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Mobile pitfalls: why businesses need to go back to basics for successful mobile strategy

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AI, Blockchain, IoT. There’s plenty of buzz, and buzz words, that have everybody excited – and maybe a bit confused. However, before businesses get too caught up in, or stressed out about, the next big thing, let’s take a step back and get the basics right first.

I would argue that a successful mobile strategy presents one of the biggest profit opportunities for Australian businesses, and it doesn’t take nearly the level of investment and resources as being on the cutting edge of tomorrow’s tech.

Let’s put mobile consumption in context. For one, the typical mobile user touches their phone more than 2,600 times a day.  Across most parts of the world, mobile now accounts for more than half of online transactions, with in-app sales dominating according to Criteo.

In fact, mobile is even expected to generate five per cent of GDP, or $4.6 trillion, by 2022.

Across Expedia Group brands, more than 50 per cent of traffic arrives via mobile , and one in three booking transactions are made via mobile.

Mobile is still very relevant

And while mobile sounds like old school tech – the reality is that there are many businesses who are yet to effectively tap into this platform as a tool for customer acquisitions. At the end of the day, with the capabilities of mobile – and the way we use it – continuing to evolve, have any of us reached our full potential on mobile?

It’s not an exaggeration to say that in this day and age, getting your product or service in front of your audience, at the right time, in the right way is more challenging than ever. You may even say that businesses are faced with a consumer engagement crisis.

And yet, we see businesses adopting a ‘build it and they will come’ strategy. Particularly, when it comes to mobile apps. But, assuming your customers will automatically download your app just because it exists is a naïve approach. You see, consumers are flooded with choice; 3.6 million apps available on Google Play and 2.1 million in the Apple Store.  However, “the average number of apps used is holding steady at 27 apps per month,”   which means securing one of those 27 coveted spots is an uphill battle.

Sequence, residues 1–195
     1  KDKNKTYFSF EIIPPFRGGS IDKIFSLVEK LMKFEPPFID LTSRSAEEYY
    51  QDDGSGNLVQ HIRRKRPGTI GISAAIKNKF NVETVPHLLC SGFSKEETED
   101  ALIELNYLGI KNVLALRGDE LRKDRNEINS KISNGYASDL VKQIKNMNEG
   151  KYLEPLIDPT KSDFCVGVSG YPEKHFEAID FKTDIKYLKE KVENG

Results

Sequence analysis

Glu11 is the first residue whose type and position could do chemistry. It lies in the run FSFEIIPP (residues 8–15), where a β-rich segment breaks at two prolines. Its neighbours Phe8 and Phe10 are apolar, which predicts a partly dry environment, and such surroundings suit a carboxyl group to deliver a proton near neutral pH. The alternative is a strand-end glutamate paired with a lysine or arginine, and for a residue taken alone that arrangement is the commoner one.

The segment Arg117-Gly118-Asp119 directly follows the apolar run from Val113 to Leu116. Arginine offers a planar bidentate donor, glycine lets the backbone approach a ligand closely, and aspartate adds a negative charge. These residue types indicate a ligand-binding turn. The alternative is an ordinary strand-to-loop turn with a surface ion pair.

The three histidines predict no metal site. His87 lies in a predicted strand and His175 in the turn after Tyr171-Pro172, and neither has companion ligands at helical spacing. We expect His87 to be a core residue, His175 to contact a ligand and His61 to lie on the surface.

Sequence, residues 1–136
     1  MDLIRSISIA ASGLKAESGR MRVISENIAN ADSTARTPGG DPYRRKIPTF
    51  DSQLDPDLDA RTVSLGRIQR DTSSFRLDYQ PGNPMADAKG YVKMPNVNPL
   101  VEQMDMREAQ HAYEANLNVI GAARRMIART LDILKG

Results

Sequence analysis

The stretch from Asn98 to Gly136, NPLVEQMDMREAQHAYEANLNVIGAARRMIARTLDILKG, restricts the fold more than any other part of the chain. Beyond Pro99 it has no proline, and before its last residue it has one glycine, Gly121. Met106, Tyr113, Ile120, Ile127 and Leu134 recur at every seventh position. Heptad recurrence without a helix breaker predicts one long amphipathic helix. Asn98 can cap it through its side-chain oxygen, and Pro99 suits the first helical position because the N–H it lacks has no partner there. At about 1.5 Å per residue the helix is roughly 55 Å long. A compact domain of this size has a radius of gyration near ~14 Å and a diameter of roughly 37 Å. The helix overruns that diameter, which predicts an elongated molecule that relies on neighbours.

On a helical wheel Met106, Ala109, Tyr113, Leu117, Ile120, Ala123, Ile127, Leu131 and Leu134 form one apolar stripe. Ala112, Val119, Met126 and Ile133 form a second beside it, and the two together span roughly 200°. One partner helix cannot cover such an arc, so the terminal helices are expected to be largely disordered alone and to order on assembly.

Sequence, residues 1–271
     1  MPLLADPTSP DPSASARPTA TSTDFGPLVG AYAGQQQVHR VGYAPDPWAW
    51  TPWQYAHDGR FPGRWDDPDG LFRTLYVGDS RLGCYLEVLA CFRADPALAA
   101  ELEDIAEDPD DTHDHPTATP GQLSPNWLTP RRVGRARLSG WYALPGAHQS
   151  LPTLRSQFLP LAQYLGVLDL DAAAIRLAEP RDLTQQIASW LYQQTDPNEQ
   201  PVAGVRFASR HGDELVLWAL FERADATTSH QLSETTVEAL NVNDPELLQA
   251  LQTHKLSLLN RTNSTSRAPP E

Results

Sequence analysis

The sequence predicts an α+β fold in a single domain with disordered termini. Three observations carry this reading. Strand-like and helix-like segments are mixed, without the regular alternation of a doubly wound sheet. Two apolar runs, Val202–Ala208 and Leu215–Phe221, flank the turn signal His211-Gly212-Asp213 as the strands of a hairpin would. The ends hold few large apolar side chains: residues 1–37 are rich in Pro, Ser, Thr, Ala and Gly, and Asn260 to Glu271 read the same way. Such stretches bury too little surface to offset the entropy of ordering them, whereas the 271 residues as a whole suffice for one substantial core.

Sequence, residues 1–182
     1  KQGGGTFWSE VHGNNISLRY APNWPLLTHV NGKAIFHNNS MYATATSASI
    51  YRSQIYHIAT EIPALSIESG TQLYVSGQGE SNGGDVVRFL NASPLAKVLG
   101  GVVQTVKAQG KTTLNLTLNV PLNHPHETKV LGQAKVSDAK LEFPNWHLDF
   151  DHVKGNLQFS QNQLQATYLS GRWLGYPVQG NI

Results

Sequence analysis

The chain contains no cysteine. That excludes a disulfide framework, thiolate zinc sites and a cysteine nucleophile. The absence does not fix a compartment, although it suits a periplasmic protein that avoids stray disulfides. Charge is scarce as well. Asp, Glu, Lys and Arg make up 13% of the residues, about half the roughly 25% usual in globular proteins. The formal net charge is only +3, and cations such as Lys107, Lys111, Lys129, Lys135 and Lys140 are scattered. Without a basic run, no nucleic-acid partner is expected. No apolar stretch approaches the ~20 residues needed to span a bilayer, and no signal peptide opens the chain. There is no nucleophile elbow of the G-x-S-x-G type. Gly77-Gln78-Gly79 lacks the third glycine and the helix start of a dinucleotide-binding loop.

So, what attracts people to different apps? They need it to be fast, useful, and have a multitude of features that give users a reason to continue engaging. Mobile users want apps that provide practical info, beyond primary functions – anywhere, anytime. For SMEs without the global budgets to invest in a dedicated app, I would say focus instead on building a responsive mobile web and look to leverage third-party apps instead.

After all, in an age of consolidation, it’s far more critical to understand usage behaviours, and find the most cost effective way to deliver just that.

Take content for example. While many understand that mobile has limited real estate, designing based on what does and doesn’t resonate is often still neglected. Given today’s mobile-dominant landscape, why not consider designing for the smaller screen size first instead? If you can get the information right on the small screen size and then expand to desktop, rather than the traditional desktop-first approach, you’ll likely meet the needs of the majority of your consumer base across all devices.

Pay more attention to mobile!

Most importantly, even if businesses are effectively acquiring customers via mobile, it’s time to ditch the ‘set and forget’ approach. Continually testing, learning and evolving across any technology is vital. You might be surprised to learn that on average, Expedia Group makes an improvement to its tech every 24 minutes.

It might sound like more work, but it doesn’t have to be. Let’s face it – businesses are under the pump, and the constant innovations in technology that make things easy for consumers can sometimes actually put more of a squeeze on the company’s resources. So instead, be savvy. For example, in my role, I see smart hoteliers really utilising our tools for real-time insights on-the-go, rather than building their own.

Ultimately, with ever-changing customer expectations, the trick is to be creative, invest in the assets that bring the best value to your business and leverage the investment of others where you can. While it might sound great in a strategy meeting to drop the latest buzzwords – I’d bet that a bigger profit margin will win every time.

Alex Moxey is the Director Market Management, Expedia Group

Alejandro Moxey
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